It was a hot evening in our old neighbourhood.
We were on the 24th floor of an apartment that seemingly soaked up every beam of the afternoon sun. Sweltering my way through making dinner, my just-turned-one-year-old sat underfoot, unsettled.
She never lets me cook alone.
This particular day, however, the heat combined with my divided attention had her particularly ornery. As I husked corn, her big eyes looking up at me. As I pressed the skin of the husk in between my finger and thumb, I had an idea! I switched from husking into the sink to husking on to the floor. Almost immediately daughter was mesmerized as she pulled the corn silk from the husk little bit by little bit. She was calm, focused, and methodical.
It was then I first saw how sensory play correlated with increased self-regulation in a child. It also showed me how simple sensory play ideas could be. Since then, I have seen how the chaos in my home can turn to calm by grabbing a simple sensory play medium, setting up an invitation to play, and letting my kids explore at their own pace.
There is no denying there is a self-regulation component to sensory play. We’ve all been there. The kids are acting up. You throw the in the bath and then suddenly, they are splashing happily. Or, you take them to the park. They get their hands into something like bark mulch or sand. And suddenly they’re right as rain. But self-regulation only scratches the surface of the wealth of learning and value that comes from sensory play. And sensory play ideas needed be an elaborate process found online, they can be as simple as combing some very basic household items.
What is sensory play?
Sensory play is any form of play that engages one or more senses.
Sensory Play Benefits
In sensory play, children aren’t simply splashing water, moulding playdough, or digging in dirt, they’re learning a multitude of things.
In sensory play children learn:
Cause and effect.
For instance, if I stack this then it will create a pile. When I press down on it, it will become flat. If I pour water, sand will become wet. If I fill up a container past its rim, the contents will spill over. Really the causal learning is endless!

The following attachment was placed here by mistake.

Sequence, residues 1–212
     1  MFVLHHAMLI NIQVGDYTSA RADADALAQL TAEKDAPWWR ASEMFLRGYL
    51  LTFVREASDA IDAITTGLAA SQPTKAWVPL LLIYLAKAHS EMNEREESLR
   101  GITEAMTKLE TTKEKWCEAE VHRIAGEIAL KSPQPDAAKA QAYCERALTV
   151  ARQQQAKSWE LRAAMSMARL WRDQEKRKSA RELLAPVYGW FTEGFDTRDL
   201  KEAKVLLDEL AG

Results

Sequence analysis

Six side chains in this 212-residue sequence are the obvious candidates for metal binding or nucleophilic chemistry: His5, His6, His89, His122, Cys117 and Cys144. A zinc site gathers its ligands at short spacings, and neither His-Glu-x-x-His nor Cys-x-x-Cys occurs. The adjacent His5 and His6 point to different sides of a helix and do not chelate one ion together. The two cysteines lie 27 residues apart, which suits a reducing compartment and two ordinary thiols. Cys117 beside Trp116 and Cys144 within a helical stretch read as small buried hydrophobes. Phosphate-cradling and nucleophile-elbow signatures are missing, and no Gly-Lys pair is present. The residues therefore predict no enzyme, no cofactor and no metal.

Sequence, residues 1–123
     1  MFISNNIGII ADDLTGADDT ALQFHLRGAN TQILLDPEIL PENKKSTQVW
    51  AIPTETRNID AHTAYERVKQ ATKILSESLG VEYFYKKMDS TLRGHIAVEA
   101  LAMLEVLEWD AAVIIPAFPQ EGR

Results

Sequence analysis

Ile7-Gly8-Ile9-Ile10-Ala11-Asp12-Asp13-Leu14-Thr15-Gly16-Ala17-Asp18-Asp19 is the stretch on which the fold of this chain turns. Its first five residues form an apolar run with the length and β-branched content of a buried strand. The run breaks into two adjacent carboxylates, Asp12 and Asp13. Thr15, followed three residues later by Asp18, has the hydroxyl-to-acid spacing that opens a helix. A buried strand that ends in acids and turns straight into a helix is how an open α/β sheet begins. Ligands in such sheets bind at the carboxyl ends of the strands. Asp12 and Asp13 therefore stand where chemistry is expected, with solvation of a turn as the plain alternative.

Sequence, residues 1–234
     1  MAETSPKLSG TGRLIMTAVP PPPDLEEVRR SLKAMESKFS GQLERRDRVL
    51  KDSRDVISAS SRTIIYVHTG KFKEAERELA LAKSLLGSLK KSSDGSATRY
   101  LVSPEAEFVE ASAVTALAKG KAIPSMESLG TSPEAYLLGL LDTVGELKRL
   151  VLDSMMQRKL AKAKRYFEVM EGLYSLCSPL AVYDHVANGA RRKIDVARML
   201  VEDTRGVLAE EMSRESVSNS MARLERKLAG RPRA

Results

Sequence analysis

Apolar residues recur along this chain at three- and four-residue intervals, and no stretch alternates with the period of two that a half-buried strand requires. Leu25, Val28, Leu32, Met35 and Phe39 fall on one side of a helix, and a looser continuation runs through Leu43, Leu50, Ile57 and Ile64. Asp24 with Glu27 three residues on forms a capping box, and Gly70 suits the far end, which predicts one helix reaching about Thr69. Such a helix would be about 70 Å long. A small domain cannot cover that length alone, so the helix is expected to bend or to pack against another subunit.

Sensory play is one of the earliest forms of hypothesis and theory testing. During sensory play, I stretch playdough to see how far it goes and learn at a certain point it breaks. I can then continue to test if adding more play dough delays the breaking point and if removing play dough increases the time at which it breaks. I can test to see if wet sand is easier to build a castle with than dry sand.
Physical properties and physical reactions are also learned by manipulating sensory mediums
If I take 250ml of water and pour it into a 500ml bottle at first, I will think the quantity has changed based on the size of the container. But with enough experience, I will slowly learn that the quantity remains the same.
If the cup I’m filling with cloud dough is overflowing, maybe I should try split up the contents between two containers or use a large container to fill.
Sensory mediums can act as a canvas for a child’s imagination. Play dough can become a flower, a ball, a person, a scene… A water table can be a swimming pool, a science lab, a pond, ocean, or adventure scene.
Furthermore, there is a tremendous To read many more of the fascinating benefits of sensory play, including how they promote language and social and emotional development, click here.
7 Simple Sensory Play Ideas
The truth is sensory play ideas are all around us, whether you’re cleaning out your pantry, playing outside, scrolling through Pinterest or visiting a preschool or kindergarten classroom. And while water tables and sandboxes are staples in every childhood, there are so many other ideas to stimulate the senses.
- Grab a tub of water and some crystals or jello powder. Put about a tablespoon of the crystals in water and grab some bath toys to play with.
- Empty out the old stale cereal from your pantry by putting them in a bin. Run over them with toy trucks or smash them using toy tools.
- Make coloured cloud dough using chalk, vegetable oil, and flour.
- Make playdough with jello in it.
- Using coloured lentils, rice, or/and or dried beans, put them in a disposable pan or bin, grab some farm toys and have fun!
- Free ice cubes with food colouring and then place the ice into a bin with water. Again, add bath toys for some extra fun!
- Take some glitter glue, mason jars, little toys and warm water to make sensory jars.
- A bag of top soil, a large container or kiddie pool, and trucks or sandbox toys and have fun!
Want more sensory play ideas including the research behind play and adaptations for all ages?
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